By Dr. Laura Gaylord, DVM

Plants can cause environmental allergies in dogs and cats.There is nothing more frustrating than any itchy pet! Persistent chewing and scratching can result in open sores, hair loss, and sleepless nights!

What Are Allergies?

An allergy is a state of hypersensitivity in which exposure to a harmless substance elicits an overreaction from the body’s immune system. The incidence of allergies is increasing in both humans and pets. People with allergies tend to sneeze, have watery eyes, or a runny nose. Dogs rarely have respiratory signs, and instead experience the effects of allergies in their skin. This can be seen as redness, itching, recurring skin or ear infections, and hair loss. Cats may also have these signs, but can develop a respiratory version as well, more commonly referred to as asthma or chronic bronchitis.

What Types of Allergies Are There?

The major categories of allergies in dogs and cats are flea, environmental, and food. Flea allergic dermatitis is by far the most common skin allergy, and 100% flea control is essential in all cases of allergic dermatitis. Since the allergen is the flea saliva, it is possible to never see the flea, yet still have symptoms.

The next largest group of allergies includes environmental allergies including hypersensitivities to the pollens of weeds, grasses and trees, as well as house dust mites and mold spores. Diagnosis is made by intradermal skin testing or by blood testing. A “vaccine” may be developed to decrease a pet’s sensitivity.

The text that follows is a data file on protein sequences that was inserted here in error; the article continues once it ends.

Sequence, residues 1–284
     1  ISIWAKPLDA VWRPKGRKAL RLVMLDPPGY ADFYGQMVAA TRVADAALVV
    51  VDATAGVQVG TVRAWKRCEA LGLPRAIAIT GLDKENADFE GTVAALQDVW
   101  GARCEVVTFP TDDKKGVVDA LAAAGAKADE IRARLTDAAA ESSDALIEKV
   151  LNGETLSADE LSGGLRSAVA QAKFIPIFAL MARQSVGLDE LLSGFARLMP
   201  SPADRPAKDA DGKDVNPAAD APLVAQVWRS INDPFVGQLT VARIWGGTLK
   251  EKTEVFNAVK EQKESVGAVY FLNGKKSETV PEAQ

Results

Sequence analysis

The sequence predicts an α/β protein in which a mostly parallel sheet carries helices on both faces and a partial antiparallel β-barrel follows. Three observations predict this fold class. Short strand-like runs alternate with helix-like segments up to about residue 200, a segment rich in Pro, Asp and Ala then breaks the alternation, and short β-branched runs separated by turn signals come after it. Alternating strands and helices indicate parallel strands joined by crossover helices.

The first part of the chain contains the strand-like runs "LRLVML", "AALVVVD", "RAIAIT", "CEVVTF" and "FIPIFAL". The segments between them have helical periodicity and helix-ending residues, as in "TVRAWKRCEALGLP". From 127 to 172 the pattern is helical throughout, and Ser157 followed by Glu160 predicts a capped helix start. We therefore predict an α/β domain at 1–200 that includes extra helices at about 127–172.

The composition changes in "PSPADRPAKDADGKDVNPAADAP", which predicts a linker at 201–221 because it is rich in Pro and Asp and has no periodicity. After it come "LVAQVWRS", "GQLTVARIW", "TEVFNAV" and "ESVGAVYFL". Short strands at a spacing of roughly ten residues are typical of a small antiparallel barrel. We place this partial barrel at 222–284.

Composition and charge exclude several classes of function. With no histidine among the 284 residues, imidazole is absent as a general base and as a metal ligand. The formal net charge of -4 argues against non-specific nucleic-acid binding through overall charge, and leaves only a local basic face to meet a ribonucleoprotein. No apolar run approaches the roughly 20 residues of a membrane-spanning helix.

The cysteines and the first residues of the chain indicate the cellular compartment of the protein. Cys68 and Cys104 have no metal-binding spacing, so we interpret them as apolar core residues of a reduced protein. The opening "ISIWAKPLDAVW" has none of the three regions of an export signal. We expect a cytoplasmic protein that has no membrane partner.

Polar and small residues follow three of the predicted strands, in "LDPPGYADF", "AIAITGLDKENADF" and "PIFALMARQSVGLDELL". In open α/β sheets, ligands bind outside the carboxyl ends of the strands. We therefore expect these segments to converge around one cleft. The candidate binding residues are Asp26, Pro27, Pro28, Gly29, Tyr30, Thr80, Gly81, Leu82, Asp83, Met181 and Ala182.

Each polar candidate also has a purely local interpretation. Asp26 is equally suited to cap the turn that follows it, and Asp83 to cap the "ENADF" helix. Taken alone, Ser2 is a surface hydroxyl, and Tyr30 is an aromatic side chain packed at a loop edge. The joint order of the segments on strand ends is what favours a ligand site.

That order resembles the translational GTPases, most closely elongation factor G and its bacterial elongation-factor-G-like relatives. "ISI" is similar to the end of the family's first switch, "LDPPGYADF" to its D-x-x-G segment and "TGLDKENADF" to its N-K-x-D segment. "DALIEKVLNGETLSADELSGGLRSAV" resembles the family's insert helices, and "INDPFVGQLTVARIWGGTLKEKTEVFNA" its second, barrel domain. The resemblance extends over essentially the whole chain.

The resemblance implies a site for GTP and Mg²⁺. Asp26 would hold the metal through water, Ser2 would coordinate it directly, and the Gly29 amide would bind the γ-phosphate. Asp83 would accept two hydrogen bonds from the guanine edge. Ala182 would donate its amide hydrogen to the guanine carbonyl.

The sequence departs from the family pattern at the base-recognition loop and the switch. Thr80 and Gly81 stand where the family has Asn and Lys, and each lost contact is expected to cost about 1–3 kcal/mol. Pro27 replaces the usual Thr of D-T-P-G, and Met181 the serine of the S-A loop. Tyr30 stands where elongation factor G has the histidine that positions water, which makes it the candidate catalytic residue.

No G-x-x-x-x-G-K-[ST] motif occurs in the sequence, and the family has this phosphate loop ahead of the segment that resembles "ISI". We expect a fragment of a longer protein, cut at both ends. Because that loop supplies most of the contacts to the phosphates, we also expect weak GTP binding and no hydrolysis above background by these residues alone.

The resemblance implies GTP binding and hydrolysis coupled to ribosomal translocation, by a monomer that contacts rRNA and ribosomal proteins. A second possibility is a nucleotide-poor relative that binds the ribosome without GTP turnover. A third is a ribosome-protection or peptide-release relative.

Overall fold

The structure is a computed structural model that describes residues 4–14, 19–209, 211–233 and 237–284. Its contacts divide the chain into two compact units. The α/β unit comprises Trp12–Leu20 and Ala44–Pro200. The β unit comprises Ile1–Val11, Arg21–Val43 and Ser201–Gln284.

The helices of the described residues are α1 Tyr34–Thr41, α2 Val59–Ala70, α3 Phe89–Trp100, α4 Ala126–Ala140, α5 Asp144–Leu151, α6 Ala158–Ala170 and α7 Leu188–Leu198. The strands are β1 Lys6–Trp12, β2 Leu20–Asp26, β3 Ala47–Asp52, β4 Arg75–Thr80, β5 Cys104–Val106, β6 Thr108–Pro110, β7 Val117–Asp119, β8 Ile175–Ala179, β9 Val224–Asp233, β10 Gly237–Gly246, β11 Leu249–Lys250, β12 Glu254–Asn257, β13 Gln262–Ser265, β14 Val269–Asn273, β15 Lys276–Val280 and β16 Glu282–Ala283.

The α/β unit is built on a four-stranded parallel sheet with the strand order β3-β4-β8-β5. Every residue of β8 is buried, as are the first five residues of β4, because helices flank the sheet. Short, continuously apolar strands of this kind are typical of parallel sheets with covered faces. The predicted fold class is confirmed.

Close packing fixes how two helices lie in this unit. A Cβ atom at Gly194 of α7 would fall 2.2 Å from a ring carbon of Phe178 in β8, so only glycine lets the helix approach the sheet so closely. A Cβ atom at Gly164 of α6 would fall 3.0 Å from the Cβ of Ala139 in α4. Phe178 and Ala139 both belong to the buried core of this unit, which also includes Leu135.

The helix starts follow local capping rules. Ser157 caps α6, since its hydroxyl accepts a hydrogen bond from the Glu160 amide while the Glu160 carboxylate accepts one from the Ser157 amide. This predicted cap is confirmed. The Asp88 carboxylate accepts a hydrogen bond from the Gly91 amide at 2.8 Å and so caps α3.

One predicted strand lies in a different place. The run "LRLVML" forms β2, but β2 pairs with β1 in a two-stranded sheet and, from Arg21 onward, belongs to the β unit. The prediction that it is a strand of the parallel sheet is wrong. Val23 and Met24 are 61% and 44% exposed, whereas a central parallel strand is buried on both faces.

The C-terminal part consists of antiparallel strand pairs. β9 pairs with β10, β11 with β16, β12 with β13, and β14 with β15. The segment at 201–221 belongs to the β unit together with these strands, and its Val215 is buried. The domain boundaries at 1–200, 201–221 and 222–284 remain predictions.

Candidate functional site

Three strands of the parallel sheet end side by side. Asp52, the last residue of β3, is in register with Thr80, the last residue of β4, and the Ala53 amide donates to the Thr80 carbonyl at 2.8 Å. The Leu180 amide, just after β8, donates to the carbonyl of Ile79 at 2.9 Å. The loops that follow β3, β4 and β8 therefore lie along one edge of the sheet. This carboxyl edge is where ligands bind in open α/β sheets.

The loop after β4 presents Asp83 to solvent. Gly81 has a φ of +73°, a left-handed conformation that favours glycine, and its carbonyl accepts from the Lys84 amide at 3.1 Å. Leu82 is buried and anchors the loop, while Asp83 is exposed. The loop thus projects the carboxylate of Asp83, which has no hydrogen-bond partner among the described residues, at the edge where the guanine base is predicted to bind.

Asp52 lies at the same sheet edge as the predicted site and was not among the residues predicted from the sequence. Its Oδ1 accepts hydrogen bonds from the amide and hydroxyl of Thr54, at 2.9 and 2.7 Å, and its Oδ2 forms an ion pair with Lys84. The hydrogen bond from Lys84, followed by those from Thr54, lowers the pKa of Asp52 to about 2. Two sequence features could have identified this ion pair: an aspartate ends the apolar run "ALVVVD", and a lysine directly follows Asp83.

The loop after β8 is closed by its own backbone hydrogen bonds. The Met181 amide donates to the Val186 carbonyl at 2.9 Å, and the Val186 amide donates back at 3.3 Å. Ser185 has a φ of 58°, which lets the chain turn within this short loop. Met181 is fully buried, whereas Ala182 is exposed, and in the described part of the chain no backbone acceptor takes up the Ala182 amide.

Lastly, pets may develop specific hypersensitivity to components of the diet, which are most often a major protein source, and less often, a carbohydrate. This could be beef, chicken, pork, egg, wheat, corn, or soy. A strict diet trial on a prescription diet is often required to properly diagnose a food allergy.

Can Allergies in Dogs and Cats be Cured?

Unfortunately, there is no cure for allergies in dogs and cats, and this is a life-long problem. We can, however, greatly improve quality of life by formulating the best program to diagnose the cause if possible and manage the symptoms. This may include bathing or other topical therapies, medications for itching or secondary skin infections, and dietary therapies or supplements.